New study: How L.A. Times teachers data is flawed
Nobody should be surprised about a new study that finds big flaws with last year’s Los Angeles Times project in which it used “value added” methods to rate the effectiveness of more than 6,000 teachers.
But feel free to be annoyed: not at the results of the study’s findings, but rather that the people making important policy decisions – our education secretary, legislators, governors – keep ignoring experts who warn that such evaluation methods are invalid and unreliable.
The Times, for those who don’t know, published a statistical analysis of student test data last August to rate teachers in the Los Angeles Unified School District elementary schools. Its analysis, conducted by Rand Corp. senior economist Richard Buddin, used a form of measurement that uses student test data and other factors about teachers to evaluate how effective they are it. They are called “value-added” methods, and they are all the rage in education reform.
When The Times published its report, experts who oppose using standardized test scores as a sole measure for evaluation attacked it. Teachers cried foul (one committed suicide.) The Times stood by its database then. It still is. In fact, the headline of its Sunday story said, "Separate study confirms many Los Angeles Times findings on teacher effectiveness." It's hard to know how they came up with that assessment of the new critical report.
What's worse is that The Times project is getting more praise from journalistic circles at the very time its results are being questioned by experts; it just won an award administered by the National Institute for Computer-Assisted Reporting (a joint program of Investigative Reporters and Editors and the Missouri School of Journalism) and the Knight Chair in Journalism at the Walter Cronkite School of Journalism and Mass Communication at Arizona State University. I guess the judges know a lot about data, but nothing about schools or reform.
The authors of the new study -- being released Tuesday -- evaluated whether the evidence Buddin presented supports the use of value-added methods to evaluate teachers. Derek Briggs and Ben Domingue of the University of Colorado at Boulder also tried to replicate his results through an independent re-analysis of the same data that he had used. Their findings, the report says, “raise serious questions about Buddin’s analysis and conclusions.”
When they put the data through an alternative value-added model that used a long history of a student’s test performance as well as peer influence and school-level factors, the results changed dramatically. In fact, for reading results:
*46.4 percent of teachers who were rated would retain the same effectiveness rating under both models.
*8.1 percent of those teachers identified as effective under the alternative model are identified as ineffective in the L.A. Times database
*12.6 percent of those identified as ineffective under the alternative model are identified as effective by the L.A. Times model.
For math results:
*60.8 percent of teachers would retain the same effectiveness rating
*1.4 percent of teachers identified as effective under the alternative model are identified as ineffective in the L.A. Times model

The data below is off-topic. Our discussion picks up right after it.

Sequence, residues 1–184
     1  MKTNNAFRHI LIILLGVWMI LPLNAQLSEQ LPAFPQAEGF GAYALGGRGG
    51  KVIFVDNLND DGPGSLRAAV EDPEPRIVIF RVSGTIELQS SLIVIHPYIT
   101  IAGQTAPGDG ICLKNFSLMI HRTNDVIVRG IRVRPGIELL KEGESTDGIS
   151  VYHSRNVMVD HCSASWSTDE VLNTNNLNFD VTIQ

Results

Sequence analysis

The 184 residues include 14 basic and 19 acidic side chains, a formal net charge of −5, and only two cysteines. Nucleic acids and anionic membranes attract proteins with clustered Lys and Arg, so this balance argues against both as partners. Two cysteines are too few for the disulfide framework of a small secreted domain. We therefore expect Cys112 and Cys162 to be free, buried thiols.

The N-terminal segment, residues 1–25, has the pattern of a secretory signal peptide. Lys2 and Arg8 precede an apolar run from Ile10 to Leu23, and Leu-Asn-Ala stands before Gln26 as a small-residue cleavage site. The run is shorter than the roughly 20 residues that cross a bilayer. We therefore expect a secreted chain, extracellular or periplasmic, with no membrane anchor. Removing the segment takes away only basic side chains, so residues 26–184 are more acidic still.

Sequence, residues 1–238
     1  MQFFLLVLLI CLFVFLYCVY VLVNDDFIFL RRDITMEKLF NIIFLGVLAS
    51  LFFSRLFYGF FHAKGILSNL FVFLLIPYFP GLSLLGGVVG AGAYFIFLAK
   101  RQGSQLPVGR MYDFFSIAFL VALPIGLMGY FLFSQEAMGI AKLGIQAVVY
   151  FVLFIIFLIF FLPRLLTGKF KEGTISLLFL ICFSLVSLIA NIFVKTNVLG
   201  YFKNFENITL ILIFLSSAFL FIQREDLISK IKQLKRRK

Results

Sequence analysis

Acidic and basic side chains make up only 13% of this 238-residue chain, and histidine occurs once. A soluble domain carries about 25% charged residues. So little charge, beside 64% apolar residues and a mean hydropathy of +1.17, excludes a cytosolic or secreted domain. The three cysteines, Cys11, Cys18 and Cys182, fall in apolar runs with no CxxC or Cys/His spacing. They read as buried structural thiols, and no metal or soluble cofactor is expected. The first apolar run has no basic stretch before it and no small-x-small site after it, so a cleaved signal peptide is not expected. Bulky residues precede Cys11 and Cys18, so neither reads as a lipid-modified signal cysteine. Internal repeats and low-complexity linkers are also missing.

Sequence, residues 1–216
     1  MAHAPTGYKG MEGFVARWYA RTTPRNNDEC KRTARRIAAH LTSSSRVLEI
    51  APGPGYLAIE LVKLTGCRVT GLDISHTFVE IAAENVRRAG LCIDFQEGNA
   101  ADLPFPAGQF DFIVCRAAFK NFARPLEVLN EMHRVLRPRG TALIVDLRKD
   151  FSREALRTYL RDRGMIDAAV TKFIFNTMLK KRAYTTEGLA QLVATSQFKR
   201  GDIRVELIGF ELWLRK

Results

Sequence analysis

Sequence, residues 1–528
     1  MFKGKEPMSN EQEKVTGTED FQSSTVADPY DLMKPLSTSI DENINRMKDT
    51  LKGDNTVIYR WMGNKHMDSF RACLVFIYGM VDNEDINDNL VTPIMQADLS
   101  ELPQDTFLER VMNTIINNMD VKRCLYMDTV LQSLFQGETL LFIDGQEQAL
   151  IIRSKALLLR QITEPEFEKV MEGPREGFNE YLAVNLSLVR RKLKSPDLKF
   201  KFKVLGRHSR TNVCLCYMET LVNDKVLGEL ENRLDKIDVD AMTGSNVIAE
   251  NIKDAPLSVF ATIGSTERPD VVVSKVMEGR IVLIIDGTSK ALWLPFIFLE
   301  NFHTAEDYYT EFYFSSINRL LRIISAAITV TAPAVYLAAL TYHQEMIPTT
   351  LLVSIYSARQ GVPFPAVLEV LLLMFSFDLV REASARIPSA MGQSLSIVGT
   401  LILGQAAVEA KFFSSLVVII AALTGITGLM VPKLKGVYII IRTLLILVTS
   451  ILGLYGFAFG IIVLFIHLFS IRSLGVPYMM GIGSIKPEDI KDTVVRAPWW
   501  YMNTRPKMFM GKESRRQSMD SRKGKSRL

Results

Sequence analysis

*2.7 percent would go from a rating of ineffective under the alternative model to effective under the L.A. Times model.
The authors had other interesting findings as well, including evidence that conflicted with Buddin’s finding that traditional teacher qualifications have no association with student outcomes.
But the fact that a similar value-added formula could come up with such different results using the same data should give anyone pause about putting a teacher's livelihood on the line with this evaluation method, or for that matter, a school's reputation or a student's academic performance.
This new study follows a series of others that show plainly that using standardized test scores to evaluate teachers is a bad idea. For those who then ask how else teachers can be evaluated, the fact is that there are a number of multi-pronged evaluation systems that have been used in school systems and that are effective. I've published a number of posts about better evaluation methods for teachers, schools and students.
(The new report is being published by the National Education Policy Center at the University of Colorado at Boulder, with partial funding from the Great Lakes Center for Education Research & Practice, which itself is partly funded by a teachers union.)
A Times editor [a previous version of this story said he was a reporter on story], David Lauter, told my colleague Nick Anderson that he welcomes the new report, saying: "Part of the whole point in our putting all this effort into this work was to spark a public debate about how best to evaluate teachers. The more that people get into this, the better."
Actually, public schools would be better off if nobody had gotten into this. It's a waste of money -- the Gates Foundation has given hundreds of millions of dollars to experiment with this kind of evaluation -- and it's a sad detour from real reform.
That was true when Ronald Reagan pushed for merit pay when he was president 30 years ago, and it remains true. We never seem to learn.
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| February 7, 2011; 2:18 PM ET
Categories: Research, Standardized Tests, Teacher assessment, Teachers | Tags: l.a. times, latimes, los angeles times, los angeles times teachers, rand corp., rating schools, rating teachers, teacher effectiveness, teacher evaluation, teacher ratings, teachers, teachers database, value added, value added methods, value added models
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